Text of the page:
Treatment of Medial Tibial Stress Syndrome: A Systematic Review
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Medial tibial stress syndrome (MTSS) is a common exercise-induced leg injury among athletes and military personnel. Several treatment options have been described in the literature, but it remains unclear which treatment is most effective.
The objective of this systematic review was to assess the effectiveness of any intervention in the treatment of MTSS.
Published or non-published studies, reporting randomized or non-randomized controlled trials of any treatment in subjects with MTSS were eligible for inclusion. Treatments were assessed for effects on pain, time to recovery or global perceived effect.
Computerized bibliographic databases (MEDLINE, CENTRAL, EMBASE, CINAHL, PEDro and SPORTDiscus) and trial registries were searched for relevant reports, from their inception to 1 June 2012. Grey literature was searched for additional relevant reports.
The Cochrane Risk of Bias Tool was used to appraise study quality of randomized clinical trials (RCTs) whereas the Newcastle Ottawa Scale was used to appraise non-randomized trials. The ‘levels of evidence’, according to the Oxford Centre for Evidence-Based Medicine, addressed the impact of the assessed trials. Two reviewers independently performed the search for articles, study selection, data extraction and appraised methodological quality.
Eleven trials were included in this systematic review. All RCTs revealed a high risk of bias (Level 3 of evidence). Both non-randomized clinical trials were found to be of poor quality (Level 4 of evidence). RCTs, studying the effect of a lower leg brace versus no lower leg brace, and iontophoresis versus phonophoresis, were pooled using a fixed-effects model. No significant differences were found for lower leg braces (standardized mean difference [SMD] −0.06; 95 % CI −0.44 to 0.32, p = 0.76), or iontophoresis (SMD 0.09; 95 % CI −0.50 to 0.68, p = 0.76). Iontophoresis, phonophoresis, ice massage, ultrasound therapy, periosteal pecking and extracorporeal shockwave therapy (ESWT) could be effective in treating MTSS when compared with control (Level 3 to 4 of evidence). Low-energy laser treatment, stretching and strengthening exercises, sports compression stockings, lower leg braces and pulsed electromagnetic fields have not been proven to be effective in treating MTSS (level 3 of evidence).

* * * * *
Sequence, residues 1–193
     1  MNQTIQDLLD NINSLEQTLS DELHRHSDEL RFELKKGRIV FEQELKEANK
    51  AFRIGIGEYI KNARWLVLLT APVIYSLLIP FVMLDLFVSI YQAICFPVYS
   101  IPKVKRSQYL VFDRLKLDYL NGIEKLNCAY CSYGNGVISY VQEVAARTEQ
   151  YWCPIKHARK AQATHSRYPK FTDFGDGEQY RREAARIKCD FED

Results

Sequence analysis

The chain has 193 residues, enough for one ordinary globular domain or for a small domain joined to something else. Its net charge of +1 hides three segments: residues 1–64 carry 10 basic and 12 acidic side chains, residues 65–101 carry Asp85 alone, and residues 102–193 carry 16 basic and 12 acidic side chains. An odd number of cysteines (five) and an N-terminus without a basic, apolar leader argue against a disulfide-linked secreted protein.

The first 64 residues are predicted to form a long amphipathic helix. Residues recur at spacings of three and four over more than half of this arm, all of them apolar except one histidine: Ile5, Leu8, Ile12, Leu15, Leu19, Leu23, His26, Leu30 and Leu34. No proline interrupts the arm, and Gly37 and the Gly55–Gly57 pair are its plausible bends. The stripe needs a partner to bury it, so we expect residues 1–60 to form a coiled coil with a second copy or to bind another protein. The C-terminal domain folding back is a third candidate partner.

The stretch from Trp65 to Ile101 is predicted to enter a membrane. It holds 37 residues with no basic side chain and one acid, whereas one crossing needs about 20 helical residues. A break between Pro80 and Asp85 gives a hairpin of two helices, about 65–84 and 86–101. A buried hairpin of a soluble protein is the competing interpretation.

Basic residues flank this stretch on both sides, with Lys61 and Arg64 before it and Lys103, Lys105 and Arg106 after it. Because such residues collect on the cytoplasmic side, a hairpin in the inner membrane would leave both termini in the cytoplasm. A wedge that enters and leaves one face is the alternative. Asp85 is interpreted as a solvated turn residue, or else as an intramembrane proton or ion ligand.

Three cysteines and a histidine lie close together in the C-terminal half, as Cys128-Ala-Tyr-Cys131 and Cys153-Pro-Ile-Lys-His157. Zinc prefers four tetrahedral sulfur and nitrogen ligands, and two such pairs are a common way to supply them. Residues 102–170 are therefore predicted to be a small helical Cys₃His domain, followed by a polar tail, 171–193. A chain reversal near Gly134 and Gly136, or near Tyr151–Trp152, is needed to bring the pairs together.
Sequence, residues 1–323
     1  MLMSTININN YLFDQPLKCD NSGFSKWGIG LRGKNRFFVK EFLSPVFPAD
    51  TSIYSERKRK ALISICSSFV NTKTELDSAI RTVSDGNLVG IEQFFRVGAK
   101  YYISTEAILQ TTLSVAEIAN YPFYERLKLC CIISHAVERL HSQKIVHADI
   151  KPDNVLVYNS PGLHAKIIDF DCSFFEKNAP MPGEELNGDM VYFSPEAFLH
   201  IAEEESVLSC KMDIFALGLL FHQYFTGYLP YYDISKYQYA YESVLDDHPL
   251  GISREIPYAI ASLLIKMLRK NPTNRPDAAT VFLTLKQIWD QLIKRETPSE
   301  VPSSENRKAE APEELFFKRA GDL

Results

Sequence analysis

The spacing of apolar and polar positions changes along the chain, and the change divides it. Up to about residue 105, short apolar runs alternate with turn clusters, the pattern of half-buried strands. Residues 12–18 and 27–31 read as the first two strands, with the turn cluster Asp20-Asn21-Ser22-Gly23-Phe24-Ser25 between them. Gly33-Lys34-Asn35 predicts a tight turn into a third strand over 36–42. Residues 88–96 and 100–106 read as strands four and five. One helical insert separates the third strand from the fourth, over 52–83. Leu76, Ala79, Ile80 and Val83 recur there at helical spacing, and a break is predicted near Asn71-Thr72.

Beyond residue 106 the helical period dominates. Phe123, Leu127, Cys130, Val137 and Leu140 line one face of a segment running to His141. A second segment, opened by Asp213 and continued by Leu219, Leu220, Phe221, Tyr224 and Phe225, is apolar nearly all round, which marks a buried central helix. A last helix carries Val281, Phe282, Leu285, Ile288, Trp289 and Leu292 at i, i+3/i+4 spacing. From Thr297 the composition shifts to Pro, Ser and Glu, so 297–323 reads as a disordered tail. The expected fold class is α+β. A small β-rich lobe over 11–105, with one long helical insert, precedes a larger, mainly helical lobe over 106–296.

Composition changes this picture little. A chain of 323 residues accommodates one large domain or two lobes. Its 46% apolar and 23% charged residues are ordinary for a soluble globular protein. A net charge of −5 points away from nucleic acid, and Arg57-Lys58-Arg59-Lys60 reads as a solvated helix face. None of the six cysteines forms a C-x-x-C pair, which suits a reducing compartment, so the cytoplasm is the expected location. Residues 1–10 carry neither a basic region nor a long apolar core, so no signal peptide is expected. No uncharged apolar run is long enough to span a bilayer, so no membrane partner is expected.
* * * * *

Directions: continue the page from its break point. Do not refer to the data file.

None of the studies are sufficiently free from methodological bias to recommend any of the treatments investigated. Of those examined, ESWT appears to have the most promise.
KeywordsMilitary Population Athletic Population Pulse Electromagnetic Field Medial Tibial Stress Syndrome Chronic Exertional Compartment Syndrome
We thank Faridi van Etten – Jamaludin of the Academic Medical Centre, Amsterdam, for developing a bibliographic database search strategy, and Steve McMahon for his help to retrieve two relevant studies. We also thank Karl Bert Fields and Nicholas Piantanida for providing the manuscript of their unpublished study, and Marieke Brinkman and co-authors for providing us with their submitted manuscript.
Marinus Winters came up with the idea for this study, he performed the study search and selection, data extraction, quality assessment and wrote the manuscript.
Michel Eskes performed the study search and selection, data extraction and quality assessment.
Adam Weir and Maarten H. Moen both co-wrote the protocol and provided feedback on the manuscript.
Frank J.G. Backx provided feedback and assisted in managing the study.
Eric W.P. Bakker co-wrote the manuscript, assisted in methodological aspects and managed the study.
Conflict of interest
Source of funding
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